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Alias bash mac os

How do I create a Bash alias?

I’m on OSX and I need to put something like this, alias blah=»/usr/bin/blah» in a config file but I don’t know where the config file is.

/.bash_profile to my bash_profile and then I source it and run addAlias hi ‘echo «hi» ‘ . Source bash profile and type hi to see it. – devssh Jan 23 ’18 at 7:35

15 Answers 15

You can add an alias or a function in your startup script file. Usually this is .bashrc , .bash_login or .profile file in your home directory.

Since these files are hidden you will have to do an ls -a to list them. If you don’t have one you can create one.

If I remember correctly, when I had bought my Mac, the .bash_login file wasn’t there. I had to create it for myself so that I could put prompt info , alias , functions , etc. in it.

Here are the steps if you would like to create one:

  1. Start up Terminal
  2. Type cd

/ to go to your home folder

  • Type touch .bash_profile to create your new file.
  • Edit .bash_profile with your favorite editor (or you can just type open -e .bash_profile to open it in TextEdit.
  • Type . .bash_profile to reload .bash_profile and update any alias you add.
  • I just open zshrc with sublime, and edit it.

    And add this on sublime:

    Run this in terminal:

    On OS X you want to use

    /.bash_profile. This is because by default Terminal.app opens a login shell for each new window.

    See more about the different configuration files and when they are used here: What’s the difference between .bashrc, .bash_profile, and .environment?

    In my .bashrc file the following lines were there by default:

    Hence, in my platform .bash_aliases is the file used for aliases by default (and the one I use). I’m not an OS X user, but I guess that if you open your .bashrc file, you’ll be able to identify what’s the file commonly used for aliases in your platform.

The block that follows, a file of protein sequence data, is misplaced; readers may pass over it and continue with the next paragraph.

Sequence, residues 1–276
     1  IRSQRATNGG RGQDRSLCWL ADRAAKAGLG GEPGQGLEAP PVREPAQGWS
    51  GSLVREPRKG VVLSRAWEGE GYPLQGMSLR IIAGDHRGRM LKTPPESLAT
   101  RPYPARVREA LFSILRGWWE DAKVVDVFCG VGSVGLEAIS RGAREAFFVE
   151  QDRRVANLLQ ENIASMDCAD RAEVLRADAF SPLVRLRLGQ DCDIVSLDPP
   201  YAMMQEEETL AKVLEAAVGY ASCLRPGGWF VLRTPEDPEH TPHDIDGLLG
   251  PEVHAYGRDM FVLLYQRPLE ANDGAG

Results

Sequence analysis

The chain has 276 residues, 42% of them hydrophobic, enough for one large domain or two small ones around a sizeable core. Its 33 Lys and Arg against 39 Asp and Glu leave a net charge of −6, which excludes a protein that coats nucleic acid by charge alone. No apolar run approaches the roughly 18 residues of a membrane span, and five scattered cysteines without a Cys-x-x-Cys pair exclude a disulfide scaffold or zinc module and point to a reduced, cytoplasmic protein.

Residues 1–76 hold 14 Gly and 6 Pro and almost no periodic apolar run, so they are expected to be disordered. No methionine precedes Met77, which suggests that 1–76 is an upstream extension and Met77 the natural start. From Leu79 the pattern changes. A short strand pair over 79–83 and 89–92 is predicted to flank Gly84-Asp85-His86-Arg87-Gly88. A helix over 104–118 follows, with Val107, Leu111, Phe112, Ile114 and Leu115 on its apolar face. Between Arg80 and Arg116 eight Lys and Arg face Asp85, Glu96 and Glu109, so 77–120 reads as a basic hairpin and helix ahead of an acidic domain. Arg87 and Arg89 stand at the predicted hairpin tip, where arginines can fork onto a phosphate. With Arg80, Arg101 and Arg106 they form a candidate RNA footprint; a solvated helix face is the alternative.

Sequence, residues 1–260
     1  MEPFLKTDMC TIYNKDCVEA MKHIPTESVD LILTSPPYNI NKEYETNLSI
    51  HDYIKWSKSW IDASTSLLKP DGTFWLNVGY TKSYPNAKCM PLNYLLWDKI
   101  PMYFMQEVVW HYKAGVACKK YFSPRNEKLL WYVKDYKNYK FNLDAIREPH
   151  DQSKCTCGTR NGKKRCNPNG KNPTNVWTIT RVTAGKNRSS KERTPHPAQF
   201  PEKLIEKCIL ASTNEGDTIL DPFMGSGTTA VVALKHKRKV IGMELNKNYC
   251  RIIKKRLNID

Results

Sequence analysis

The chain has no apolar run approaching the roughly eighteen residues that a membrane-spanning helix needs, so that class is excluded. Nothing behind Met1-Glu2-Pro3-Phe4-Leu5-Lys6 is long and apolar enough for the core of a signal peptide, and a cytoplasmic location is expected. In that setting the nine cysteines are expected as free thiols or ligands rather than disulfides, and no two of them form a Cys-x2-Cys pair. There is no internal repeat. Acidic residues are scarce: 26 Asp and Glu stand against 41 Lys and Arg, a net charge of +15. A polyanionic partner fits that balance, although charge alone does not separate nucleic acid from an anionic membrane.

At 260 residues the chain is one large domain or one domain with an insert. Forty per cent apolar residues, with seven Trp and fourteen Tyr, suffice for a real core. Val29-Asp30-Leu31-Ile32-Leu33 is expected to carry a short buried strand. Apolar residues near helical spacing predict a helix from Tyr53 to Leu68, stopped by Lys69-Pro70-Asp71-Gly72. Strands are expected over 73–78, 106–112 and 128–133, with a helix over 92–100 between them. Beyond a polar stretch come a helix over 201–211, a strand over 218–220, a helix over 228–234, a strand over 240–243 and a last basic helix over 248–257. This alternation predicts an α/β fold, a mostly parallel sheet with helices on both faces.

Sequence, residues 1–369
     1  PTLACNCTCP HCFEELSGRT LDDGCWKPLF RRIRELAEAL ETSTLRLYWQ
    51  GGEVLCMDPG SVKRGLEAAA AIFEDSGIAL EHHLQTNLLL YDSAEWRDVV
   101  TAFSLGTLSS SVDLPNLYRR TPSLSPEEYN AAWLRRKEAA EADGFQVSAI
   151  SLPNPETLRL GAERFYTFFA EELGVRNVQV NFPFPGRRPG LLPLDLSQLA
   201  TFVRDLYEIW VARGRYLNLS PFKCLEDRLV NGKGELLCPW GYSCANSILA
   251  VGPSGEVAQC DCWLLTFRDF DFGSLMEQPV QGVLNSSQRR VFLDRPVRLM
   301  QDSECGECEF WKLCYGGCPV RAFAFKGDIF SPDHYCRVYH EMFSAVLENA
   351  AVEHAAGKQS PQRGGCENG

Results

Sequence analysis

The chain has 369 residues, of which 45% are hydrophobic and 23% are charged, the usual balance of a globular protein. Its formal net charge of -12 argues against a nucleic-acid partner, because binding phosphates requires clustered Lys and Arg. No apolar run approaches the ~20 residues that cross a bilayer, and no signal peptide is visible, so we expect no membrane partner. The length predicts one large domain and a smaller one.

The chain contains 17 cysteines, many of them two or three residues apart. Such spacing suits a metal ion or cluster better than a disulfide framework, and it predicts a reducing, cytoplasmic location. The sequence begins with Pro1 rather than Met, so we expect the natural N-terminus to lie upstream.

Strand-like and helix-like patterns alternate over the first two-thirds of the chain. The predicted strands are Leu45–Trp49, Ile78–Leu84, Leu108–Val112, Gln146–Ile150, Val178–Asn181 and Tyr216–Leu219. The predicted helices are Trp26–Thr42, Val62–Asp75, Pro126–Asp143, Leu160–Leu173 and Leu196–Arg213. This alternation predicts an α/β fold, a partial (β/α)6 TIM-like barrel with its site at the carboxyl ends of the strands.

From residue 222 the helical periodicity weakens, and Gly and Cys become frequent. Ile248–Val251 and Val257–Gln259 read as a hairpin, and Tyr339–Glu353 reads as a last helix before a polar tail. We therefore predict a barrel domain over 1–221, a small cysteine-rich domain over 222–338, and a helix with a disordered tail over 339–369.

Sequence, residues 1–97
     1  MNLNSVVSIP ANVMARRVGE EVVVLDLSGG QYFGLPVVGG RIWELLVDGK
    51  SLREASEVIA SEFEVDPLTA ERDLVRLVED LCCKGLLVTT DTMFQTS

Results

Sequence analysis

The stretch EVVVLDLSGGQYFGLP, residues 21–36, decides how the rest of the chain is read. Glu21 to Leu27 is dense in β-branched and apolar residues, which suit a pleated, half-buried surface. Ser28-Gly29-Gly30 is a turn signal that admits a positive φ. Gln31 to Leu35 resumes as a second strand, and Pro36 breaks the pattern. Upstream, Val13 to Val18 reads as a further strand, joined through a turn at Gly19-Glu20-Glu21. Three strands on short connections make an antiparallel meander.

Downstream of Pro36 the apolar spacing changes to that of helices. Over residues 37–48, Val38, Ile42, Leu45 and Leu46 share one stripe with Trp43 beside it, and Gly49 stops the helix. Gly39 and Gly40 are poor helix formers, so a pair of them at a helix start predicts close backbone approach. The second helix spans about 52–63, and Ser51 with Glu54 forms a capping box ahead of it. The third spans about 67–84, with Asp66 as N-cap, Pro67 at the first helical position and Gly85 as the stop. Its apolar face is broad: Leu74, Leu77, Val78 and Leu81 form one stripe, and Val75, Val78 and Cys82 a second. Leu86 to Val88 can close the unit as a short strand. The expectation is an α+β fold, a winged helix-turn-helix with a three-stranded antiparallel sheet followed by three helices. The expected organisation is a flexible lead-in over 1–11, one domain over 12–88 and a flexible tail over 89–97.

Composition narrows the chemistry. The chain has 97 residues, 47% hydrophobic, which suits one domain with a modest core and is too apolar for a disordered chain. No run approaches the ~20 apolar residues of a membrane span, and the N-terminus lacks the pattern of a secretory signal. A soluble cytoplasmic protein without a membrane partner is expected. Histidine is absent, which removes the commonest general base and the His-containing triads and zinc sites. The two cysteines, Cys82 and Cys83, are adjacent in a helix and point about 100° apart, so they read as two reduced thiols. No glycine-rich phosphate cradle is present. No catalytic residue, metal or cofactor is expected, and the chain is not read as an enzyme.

Add the following like:

    Finally restart Terminal.

    /.bash_profile (command which activates/ reloads the bash aliases) – UIResponder Jul 10 ’17 at 13:01

    It works for me on macOS Majave

    You can do a few simple steps:

    2) sudo nano /.bash_profile

    3) add your aliases, as example:

    4) source /.bash_profile

    Done. Use and enjoy!

    The config file for scripts and programs is

    /.bashrc and the config file that gets loaded when you use Terminal is

    I think the best way is to just have everything in

    For your specific question just enter (this will overwrite any existing

    into the Terminal and a

    /.bashrc file will be created with your new alises. After that just edit the file to add new aliases, functions, settings etc.

    Create alias at bottom of the file

    Open terminal (Ctrl+Alt+T) & type cdDesktop & press enter

    MacOS Catalina and Above

    Apple switched their default shell to zsh, so the config files include

    /.zshrc . This is just like

    /.bashrc , but for zsh. Just edit the file and add what you need; it should be sourced every time you open a new terminal window:

    /.zshenv alias py=python

    Then do ctrl+x, y, then enter to save.

    This file seems to be executed no matter what (login, non-login, or script), so seems better than the

    High Sierra and earlier

    The default shell is bash, and you can edit the file

    /.bash_profile and add aliases:

    /.bash_profile alias py=python

    Then ctrl+x, y, and enter to save. See this post for more on these configs. It’s a little better to set it up with your alias in

    /.bashrc , then source

    /.bash_profile it would then look like:

    If you put blah=»/usr/bin/blah» in your

    /.bashrc then you can use $blah in your login shell as a substitute for typing /usr/bin/blah

    You probably want to edit the .bashrc file in your home directory.

    create a bash_profile at your user root — ex

    add alias as ex. (save and exit)

    in new terminal just type mydir — it should open

    I think it’s proper way:

    1) Go to teminal. open

    /.bashrc . Add if not exists

    /.bash_aliases . If not exists: touch

    3) To add new alias rather
    — edit .bash_aliases file and restart terminal or print source

    — print echo «alias clr=’clear'» >>

    /.bash_aliases where your alias is alias clr=’clear’ .

    /.bash_profile file. It needs to load aliases in each init of terminal.

    For macOS Catalina Users:

    Step 1: create or update .zshrc file

    Step 2: Add your alias line

    Step 3: Source .zshrc

    Step 4: Check you’re alias, by typing alias on the command prompt

    To create a permanent alias shortcut, put it in .bash_profile file and point .bashrc file to .bash_profile file. Follow these steps (I am creating an alias command called bnode to run babel transpiler on ES6 code):

    1. Go to terminal command prompt and type “cd” (this will take you to the home directory. Note: even though your programming files may be located on your “D: drive”, your “.bash” files may be located on your “C: drive” )